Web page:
The ruins of the Geguti palace complex occupy the area of over 2,000 m2 along the Rioni River. An extensive fieldwork between 1953 and 1956 allowed the specialists to stratify the principal archaeological layers and reconstruct the architectural form and decoration of the medieval edifices bulk of which dates to the 12th century, the period when the first written mention of Geguti appears in the Georgian Chronicle. The earliest structure – a plain, one-room building with a large fireplace – dates back to the 8th/9th century. A principal part of the royal complex, commissioned by King George III of Georgia (r. 1156-1184), is a four-tier brick edifice built onto a three-metre high stone plinth, with its spacious, cruciform central hall surmounted by a dome 14 m in diameter resting on squinches. The entire building is walled and fortified with massive pillars. Westerly located additional structures and a palace church are of a later period, dating to the 13th/14th century.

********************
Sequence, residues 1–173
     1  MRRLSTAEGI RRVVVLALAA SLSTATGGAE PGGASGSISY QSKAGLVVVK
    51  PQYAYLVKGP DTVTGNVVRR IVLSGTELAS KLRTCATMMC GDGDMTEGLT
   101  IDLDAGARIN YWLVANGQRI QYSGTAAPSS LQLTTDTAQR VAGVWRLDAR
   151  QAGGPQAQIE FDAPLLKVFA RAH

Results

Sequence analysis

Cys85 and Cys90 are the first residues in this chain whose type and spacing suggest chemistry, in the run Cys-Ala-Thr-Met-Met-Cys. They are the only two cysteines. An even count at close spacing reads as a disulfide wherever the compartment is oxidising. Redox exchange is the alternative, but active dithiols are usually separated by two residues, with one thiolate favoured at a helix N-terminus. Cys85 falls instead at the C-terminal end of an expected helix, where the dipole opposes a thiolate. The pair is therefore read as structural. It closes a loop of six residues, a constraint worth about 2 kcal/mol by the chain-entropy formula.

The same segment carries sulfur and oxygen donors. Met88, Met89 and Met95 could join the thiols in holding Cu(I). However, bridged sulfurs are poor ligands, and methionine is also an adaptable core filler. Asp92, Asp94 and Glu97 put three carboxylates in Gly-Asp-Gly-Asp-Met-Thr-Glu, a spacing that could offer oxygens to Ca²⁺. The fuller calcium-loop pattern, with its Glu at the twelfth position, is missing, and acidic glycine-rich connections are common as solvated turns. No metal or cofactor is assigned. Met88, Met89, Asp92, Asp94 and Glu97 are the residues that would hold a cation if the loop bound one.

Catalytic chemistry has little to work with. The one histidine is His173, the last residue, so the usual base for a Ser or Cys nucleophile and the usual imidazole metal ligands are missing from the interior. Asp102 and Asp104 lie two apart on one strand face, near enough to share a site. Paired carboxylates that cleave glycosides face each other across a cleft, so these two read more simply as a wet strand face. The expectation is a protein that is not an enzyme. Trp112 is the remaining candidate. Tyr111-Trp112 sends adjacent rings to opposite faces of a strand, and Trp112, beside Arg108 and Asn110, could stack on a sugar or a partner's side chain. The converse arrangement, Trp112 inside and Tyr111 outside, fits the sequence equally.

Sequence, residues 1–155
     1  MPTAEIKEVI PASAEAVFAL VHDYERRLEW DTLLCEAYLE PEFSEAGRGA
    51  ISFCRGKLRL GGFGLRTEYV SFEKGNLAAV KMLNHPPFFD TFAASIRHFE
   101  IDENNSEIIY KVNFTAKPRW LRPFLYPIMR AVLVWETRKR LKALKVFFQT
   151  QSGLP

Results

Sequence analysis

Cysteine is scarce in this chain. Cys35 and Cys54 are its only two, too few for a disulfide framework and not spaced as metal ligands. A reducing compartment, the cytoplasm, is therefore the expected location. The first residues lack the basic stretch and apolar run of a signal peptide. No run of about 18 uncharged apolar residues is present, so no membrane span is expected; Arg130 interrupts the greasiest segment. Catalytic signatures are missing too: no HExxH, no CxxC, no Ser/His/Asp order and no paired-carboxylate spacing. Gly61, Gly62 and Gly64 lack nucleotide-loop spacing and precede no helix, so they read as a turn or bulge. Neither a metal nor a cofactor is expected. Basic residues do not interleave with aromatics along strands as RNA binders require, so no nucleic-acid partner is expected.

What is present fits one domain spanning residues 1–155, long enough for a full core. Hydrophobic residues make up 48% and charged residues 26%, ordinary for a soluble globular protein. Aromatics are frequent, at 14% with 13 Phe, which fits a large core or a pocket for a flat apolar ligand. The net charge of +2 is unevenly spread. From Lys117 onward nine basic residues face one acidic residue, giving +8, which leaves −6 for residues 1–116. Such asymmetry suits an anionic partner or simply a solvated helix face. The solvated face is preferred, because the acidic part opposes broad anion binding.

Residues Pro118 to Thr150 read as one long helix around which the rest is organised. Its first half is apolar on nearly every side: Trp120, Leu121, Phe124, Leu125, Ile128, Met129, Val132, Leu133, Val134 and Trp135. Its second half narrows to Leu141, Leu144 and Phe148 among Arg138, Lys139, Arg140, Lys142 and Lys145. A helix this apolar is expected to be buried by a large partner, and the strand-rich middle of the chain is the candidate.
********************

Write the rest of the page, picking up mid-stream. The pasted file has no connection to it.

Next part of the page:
The importance of the ruins of the Geguti palace is emphasized by its largely secular nature as most of the surviving monuments of medieval Georgian architecture are churches and monasteries. Records of medieval secular patronage (basically palaces with extensive decorative cycles) exist in the Georgian written sources, although only the shells of castles and the ruins of Geguti survive to testify the extent of the work produced.
The main complex of the Geguti royal palace was constructed during what is considered to be medieval Georgia's "golden age". Although the Georgian court was quite mobile, the establishment of a royal palace of this scale near the kingdom’s second capital and a major cultural center can be understood as the desire to establish a more settled, regal court, and royal bureaucracy which, indeed, reached its climax under the queen regnant Tamar (r. 1184-1213).
The Geguti palace frequently features in the Georgian annals as a beloved place of rest of the Georgian royalty. In the reign of Tamar, it was the place where her former husband, Prince Yuri Bogolyubsky, was crowned by the rebellious nobles during an abortive coup against the queen in 1191.
In 2016, a glass panel installation was erected, surrounding the ruins, to show visitors the complete original shape of the monument.
- Jane Turner (ed., 1996). The Dictionary of Art, p. 331. Grove, ISBN 1-884446-00-0.
- Antony Eastmond (1998), Royal Imagery in Medieval Georgia, pp. 152, 188-190. Penn State Press, ISBN 0-271-01628-0.
- "Technology shows historic Geguti Palace 800 years ago". Agenda.ge. 11 March 2016. Retrieved 6 November 2016.